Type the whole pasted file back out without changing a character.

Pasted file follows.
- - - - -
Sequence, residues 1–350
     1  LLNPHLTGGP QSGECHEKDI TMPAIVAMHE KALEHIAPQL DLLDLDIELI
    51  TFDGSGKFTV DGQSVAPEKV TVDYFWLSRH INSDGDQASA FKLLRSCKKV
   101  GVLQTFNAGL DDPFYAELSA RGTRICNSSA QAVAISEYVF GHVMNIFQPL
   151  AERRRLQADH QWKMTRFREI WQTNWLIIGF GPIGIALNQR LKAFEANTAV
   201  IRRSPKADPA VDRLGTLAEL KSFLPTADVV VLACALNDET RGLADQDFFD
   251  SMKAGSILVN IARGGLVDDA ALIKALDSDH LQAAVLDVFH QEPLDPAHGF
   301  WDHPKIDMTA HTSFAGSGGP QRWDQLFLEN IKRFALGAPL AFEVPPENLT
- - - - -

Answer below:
Sequence, residues 1–350
     1  LLNPHLTGGP QSGECHEKDI TMPAIVAMHE KALEHIAPQL DLLDLDIELI
    51  TFDGSGKFTV DGQSVAPEKV TVDYFWLSRH INSDGDQASA FKLLRSCKKV
   101  GVLQTFNAGL DDPFYAELSA RGTRICNSSA QAVAISEYVF GHVMNIFQPL
   151  AERRRLQADH QWKMTRFREI WQTNWLIIGF GPIGIALNQR LKAFEANTAV
   201  IRRSPKADPA VDRLGTLAEL KSFLPTADVV VLACALNDET RGLADQDFFD
   251  SMKAGSILVN IARGGLVDDA ALIKALDSDH LQAAVLDVFH QEPLDPAHGF
   301  WDHPKIDMTA HTSFAGSGGP QRWDQLFLEN IKRFALGAPL AFEVPPENLT